App Authentication with Laravel Airlock

I often use Laravel to build the API that support the apps I build, because I can quickly create something that just works without writing too much code. However, dealing with authentication has (in my opinion) always been a cumbersome task.

So it doesn’t come as a surprise that after seeing Taylor Otwell’s Tweet about Laravel Airlock I wanted to give this a try for authentication in a simple mobile application.

A quick introduction: Airlock is a package for Laravel. It’s supposed to be a featherweight alternative to existing authentication methods (like Laravel Passport) for use in SPAs and simple APIs.

I’m going to briefly walk you through installing Airlock, but if you run into any problems, please refer to the documentation. After installing Airlock and building a simple authentication system with it, I’ll show you how to use it in your iOS app. I’ll assume you have basic Swift knowledge, and I won’t go in depth on creating the interface I’ll show in my screenshots.


I created a new Laravel project to test this. I’ll assume you know how to do this, but for more information please refer to the Laravel documentation. cd into the project directory and execute the following commands in your terminal:

composer require laravel/airlock
php artisan vendor:publish
php artisan migrate

We’re now ready to dive into the Laravel project to finalise setting up Airlock.

In your User model, use the HasApiTokens trait as follows:

use Laravel\Airlock\HasApiTokens;
// Other imports omitted.
class User extends Authenticatable
use HasApiTokens, Notifiable;
// Class body omitted.


Now that we’ve finished setting up, let’s create some routes. Add the following routes to your routes/api.php file:

Route::prefix(‘airlock’)->namespace(‘API’)->group(function() {
Route::post(‘register’, ‘AuthController@register’);
Route::post(‘token’, ‘AuthController@token’);

The user will use these two routes to register an account and to request their token (basically, to log in). Let’s create the AuthController and write the implementation of these routes. Run the following line in your terminal:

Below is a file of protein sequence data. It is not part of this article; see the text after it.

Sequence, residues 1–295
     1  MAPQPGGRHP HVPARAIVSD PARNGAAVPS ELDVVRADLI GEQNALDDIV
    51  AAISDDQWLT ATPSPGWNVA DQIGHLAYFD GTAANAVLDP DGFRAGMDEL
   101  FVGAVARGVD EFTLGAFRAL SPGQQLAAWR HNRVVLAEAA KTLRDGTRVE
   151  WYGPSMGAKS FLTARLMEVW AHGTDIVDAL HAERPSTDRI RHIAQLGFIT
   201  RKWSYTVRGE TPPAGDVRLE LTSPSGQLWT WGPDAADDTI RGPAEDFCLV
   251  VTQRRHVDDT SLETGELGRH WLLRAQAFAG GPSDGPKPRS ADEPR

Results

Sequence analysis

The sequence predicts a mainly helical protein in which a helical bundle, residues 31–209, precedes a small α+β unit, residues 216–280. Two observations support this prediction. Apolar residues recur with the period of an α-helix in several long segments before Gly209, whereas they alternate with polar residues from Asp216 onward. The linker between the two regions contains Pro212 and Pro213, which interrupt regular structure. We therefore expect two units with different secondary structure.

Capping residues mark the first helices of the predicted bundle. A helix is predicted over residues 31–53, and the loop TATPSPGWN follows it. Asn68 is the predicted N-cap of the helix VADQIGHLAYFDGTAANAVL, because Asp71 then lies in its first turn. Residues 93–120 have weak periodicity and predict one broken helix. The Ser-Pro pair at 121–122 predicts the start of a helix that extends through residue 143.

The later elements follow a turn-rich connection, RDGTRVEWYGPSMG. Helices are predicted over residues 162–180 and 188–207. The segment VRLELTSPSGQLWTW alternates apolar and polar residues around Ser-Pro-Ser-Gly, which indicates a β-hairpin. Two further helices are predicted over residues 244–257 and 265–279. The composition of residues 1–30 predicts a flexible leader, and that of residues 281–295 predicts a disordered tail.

php artisan make:controller API\AuthController

Open the app/Http/Controllers/API/AuthController.php file you just created and add the register function:

public function register(Request $request)
$validator = Validator::make($request->all(), [
‘name’ => [‘required’, ‘string’, ‘max:255’],
‘email’ => [‘required’, ‘string’, ‘email’, ‘max:255’, ‘unique:users’],
‘password’ => [‘required’, ‘string’, ‘min:8’],
‘device_name’ => [‘required’, ‘string’]
// 1
if ($validator->fails()) {
return response()->json([‘error’ => $validator->errors()], 422);
// 2
$input = $request->all();
$input[‘password’] = bcrypt($input[‘password’]);
$user = User::create($input);
// 3
$token = $user->createToken($request->device_name)->plainTextToken;
// 4
return response()->json([‘token’ => $token], 200);

Here’s a step by step breakdown of what this code does:

  1. We validate the incoming request.
  2. Check the outcome of this validation. If it failed, return the errors in the response.
  3. Hash the password and create the new User.
  4. Create a token and save it so we can return it in the response.

As you can see, performing a successful request to this endpoint will return the generated token in the body of the response. However, to make sure our users don’t need to create a new account whenever they want to use the app on another device, let’s create the function to allow our users to request their token:

public function token(Request $request)
$validator = Validator::make($request->all(), [
‘email’ => [‘required’, ‘string’, ‘email’, ‘max:255’],
‘password’ => [‘required’, ‘string’, ‘min:8’],
‘device_name’ => [‘required’, ‘string’]
if ($validator->fails()) {
return response()->json([‘error’ => $validator->errors()], 422);
// 1

$user = User::where(‘email’, $request->email)->first();
// 2

if (!$user || !Hash::check($request->password, $user->password) {
return response()->json([‘error’ => ‘The provided credentials are incorrect.’], 422);
// 3

return response()->json([‘token’ => $user->createToken($request->device_name)->plainTextToken]);
// 4

Here’s what this code does: